When asked what my favorite season is, I always feel a little conflicted: here in Seattle, it’s summer, but anywhere else in the world, it’s autumn. I love the warmth of fall colors, the more temperate climate, and the start of sweater season, but here in Seattle, fall depresses me for the most part. This is the time of year from which we get our bad reputation for non-stop rain. As I’m writing this, it’s a cold, grey, and pouring first day of November, and if this month is anything like the last few years, I can expect the weather to stay like this every day for at least the next three weeks.
But I can’t totally complain about a Pacific Northwest fall. In one very important way, our autumn is better than anywhere else– the mad rush of late summer produce that keeps showing up at markets throughout September and even into October. It’s not uncommon to see produce stands stocked high with ears of corn and tomatoes (well, ok, not this year as this was a rotten summer for tomatoes here) alongside piles of apples and winter squash. It’s my foodie dream and nightmare as I am so excited to have such a variety of produce to play with but also a little overwhelmed by so many options.
For me, this gnocchi represents that transition from summer to fall. I was inspired after John and I had dinner at one of our favorite local ale houses. John ordered their special: a plate of tender chicken and gnocchi enveloped in a rich brown butter sauce. That’s fall comfort food at its ideal, if you ask me. Back at home, however, I had a refrigerator full of summery produce from the CSA: yellow and green squash, red ripe tomatoes, crisp Roma beans, and sweet corn. I wanted to recreate that ale house gnocchi but with the bright, fresh, and crunchy flavors of my summer vegetables. In the end, it was perfect: I had shallow bowls of pillowy gnocchi, specked with bright colors, sweet vegetables, and a light sauce made from browned butter and chicken stock. It’s the perfect reminder of summer to combat the rainy days of November.
- 1 store-bought rotisserie chicken
- 1/2 lb Roma beans, cut into 1/2 inch wide squares
- 3 ears of corn, kernels removed from cob
- 1 tablespoon canola oil
- 1/2 large red onion, cut in half and sliced thinly
- 2 medium garlic cloves, minced (about 1 teaspoon)
- 4 baby yellow squash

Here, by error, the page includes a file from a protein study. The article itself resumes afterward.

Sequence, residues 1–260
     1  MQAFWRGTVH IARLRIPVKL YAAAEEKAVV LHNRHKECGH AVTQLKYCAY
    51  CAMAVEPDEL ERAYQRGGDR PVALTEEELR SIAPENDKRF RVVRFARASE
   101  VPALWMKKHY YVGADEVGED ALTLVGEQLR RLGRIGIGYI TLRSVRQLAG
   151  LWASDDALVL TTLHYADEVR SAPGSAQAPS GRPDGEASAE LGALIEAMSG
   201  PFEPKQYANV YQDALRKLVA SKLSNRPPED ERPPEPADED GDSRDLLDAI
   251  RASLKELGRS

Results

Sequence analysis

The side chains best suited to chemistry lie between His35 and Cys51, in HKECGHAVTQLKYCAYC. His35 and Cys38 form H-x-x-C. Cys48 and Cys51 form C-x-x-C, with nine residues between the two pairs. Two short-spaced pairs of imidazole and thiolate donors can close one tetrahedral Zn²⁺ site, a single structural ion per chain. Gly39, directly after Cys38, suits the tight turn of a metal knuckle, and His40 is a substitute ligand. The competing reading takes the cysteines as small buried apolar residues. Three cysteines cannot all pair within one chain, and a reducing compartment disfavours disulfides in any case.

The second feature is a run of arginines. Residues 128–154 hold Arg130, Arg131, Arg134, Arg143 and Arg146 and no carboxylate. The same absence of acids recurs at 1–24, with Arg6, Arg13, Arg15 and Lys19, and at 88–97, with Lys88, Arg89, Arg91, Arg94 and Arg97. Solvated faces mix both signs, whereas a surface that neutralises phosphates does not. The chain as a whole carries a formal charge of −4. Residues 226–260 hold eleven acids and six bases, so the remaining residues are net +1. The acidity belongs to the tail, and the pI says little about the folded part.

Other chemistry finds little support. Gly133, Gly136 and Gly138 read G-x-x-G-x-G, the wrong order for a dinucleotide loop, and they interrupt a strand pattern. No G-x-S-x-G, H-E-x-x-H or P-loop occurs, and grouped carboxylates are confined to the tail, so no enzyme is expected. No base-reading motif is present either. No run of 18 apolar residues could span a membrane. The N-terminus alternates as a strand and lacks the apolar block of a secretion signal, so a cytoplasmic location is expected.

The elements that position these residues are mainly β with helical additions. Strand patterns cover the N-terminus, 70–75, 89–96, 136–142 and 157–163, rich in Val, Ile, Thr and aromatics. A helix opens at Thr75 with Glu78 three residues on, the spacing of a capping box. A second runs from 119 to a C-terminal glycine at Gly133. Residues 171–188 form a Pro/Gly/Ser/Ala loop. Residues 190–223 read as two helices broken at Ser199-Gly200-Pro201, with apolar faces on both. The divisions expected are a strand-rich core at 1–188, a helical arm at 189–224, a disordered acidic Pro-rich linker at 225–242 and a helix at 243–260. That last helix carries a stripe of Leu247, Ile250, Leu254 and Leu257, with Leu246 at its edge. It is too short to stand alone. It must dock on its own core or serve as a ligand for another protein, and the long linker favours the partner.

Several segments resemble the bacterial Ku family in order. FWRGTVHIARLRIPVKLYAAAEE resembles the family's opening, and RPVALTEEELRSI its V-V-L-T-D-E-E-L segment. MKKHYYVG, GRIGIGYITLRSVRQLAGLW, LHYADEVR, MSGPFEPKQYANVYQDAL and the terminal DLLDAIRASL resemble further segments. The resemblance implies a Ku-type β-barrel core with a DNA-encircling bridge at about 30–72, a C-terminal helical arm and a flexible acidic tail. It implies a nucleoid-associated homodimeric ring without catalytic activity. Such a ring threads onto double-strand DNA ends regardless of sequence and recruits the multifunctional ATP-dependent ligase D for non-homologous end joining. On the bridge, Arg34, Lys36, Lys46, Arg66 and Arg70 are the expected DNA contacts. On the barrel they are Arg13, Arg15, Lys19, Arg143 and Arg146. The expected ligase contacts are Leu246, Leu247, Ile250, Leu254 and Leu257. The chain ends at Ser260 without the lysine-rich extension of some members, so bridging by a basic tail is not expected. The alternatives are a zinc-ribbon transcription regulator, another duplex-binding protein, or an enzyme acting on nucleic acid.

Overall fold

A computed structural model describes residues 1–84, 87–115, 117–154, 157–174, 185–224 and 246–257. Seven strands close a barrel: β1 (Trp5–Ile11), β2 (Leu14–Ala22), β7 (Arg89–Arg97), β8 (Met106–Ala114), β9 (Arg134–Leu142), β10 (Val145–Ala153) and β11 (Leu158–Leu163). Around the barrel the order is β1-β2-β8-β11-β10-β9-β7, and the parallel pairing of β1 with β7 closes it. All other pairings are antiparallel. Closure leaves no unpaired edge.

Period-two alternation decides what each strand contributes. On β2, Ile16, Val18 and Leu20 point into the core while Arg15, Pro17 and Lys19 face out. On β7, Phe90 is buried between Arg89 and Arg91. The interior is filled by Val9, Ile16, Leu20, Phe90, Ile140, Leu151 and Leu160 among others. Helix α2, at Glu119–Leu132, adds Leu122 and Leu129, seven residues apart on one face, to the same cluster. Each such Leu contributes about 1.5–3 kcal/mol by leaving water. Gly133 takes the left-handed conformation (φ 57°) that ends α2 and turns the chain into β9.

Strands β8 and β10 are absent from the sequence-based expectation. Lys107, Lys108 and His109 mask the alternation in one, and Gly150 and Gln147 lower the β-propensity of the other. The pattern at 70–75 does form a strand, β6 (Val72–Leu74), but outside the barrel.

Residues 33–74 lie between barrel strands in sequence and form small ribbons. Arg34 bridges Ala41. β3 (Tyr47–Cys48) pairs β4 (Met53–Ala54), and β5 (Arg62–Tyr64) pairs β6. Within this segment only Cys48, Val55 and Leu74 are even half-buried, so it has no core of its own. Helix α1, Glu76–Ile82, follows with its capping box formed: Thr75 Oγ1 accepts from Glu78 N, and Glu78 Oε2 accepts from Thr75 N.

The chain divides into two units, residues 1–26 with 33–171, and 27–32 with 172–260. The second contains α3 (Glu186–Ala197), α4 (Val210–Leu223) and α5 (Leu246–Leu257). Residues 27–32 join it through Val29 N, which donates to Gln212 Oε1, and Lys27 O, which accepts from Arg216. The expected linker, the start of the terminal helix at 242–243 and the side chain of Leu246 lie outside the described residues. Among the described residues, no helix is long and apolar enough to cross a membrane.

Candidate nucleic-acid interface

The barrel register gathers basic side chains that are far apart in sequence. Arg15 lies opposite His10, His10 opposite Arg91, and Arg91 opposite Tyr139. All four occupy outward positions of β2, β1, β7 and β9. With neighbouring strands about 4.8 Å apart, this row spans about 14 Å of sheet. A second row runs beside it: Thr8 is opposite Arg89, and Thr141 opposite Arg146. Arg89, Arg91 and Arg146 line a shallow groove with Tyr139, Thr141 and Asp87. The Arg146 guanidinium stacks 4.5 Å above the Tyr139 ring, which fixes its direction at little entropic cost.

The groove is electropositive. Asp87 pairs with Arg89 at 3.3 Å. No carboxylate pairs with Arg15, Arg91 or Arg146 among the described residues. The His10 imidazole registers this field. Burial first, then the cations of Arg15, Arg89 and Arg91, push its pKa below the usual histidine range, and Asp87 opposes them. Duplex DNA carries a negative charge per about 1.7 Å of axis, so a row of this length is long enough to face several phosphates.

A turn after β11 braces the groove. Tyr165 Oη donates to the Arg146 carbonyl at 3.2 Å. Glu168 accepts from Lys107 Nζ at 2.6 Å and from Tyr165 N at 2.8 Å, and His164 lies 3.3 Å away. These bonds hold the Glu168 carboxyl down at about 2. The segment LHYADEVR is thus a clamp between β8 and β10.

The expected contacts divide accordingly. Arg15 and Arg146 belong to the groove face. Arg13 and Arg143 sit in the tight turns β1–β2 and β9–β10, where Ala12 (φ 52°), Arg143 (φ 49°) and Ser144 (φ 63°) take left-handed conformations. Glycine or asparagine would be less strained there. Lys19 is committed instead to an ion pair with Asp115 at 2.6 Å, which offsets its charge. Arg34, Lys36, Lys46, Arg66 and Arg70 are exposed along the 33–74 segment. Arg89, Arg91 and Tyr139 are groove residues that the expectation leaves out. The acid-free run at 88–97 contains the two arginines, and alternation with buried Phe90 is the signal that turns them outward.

- 1 medium green squash
- 1 tablespoon chopped fresh savory or thyme
- 1/4 cup (1/2 stick) unsalted butter
- 1 cup chicken stock
- 1/2 cup grated Parmigiano Reggiano, plus more for garnishing at the table
- 1/4 cup chopped fresh chives
- 2 medium tomatoes, seeded and chopped
- salt and pepper
Shred the chicken breasts from the rotisserie chicken and remove the skin. Reserve the rest of the chicken meat for another purpose.
Bring a medium pot full of water to a boil. Add about 1 tablespoon of salt then add the corn and Roma beans. Boil for about 5 minutes then drain and run cold water on top of the vegetables to cool them down and slow the cooking. Meanwhile, heat the canola oil in a large skillet over a medium flame. Saute the onion and garlic until the onion is softened, about 5-7 minutes. Add the squash and cook until tender, about 10-12 minutes. Mix in the corn, Roma beans, and savory then season with salt and pepper to taste.
While the vegetables cook, cook the gnocchi according to package directions. Add the butter to a medium skillet and heat over a medium flame. The butter will melt and foam up. Once the foam dissipates, stir the butter frequently and keep a close eye on it, removing it from the heat as soon as the butter turns a nutty brown color and is fragrant. Add the drained gnocchi to the vegetable mix. Over medium heat, add the butter, chicken stock and grated cheese, tossing gently to coat. Cook over a medium flame until the sauce thickens slightly and is absorbed into the gnocchi. Adjust seasoning with salt and pepper to taste. Plate the gnocchi topped with chopped chives and tomatoes with additional cheese to pass at the table.
CSA Count: 7
Roma beans, corn, red onion, baby yellow squash, green squash, chives, tomatoes
Garden Count: 1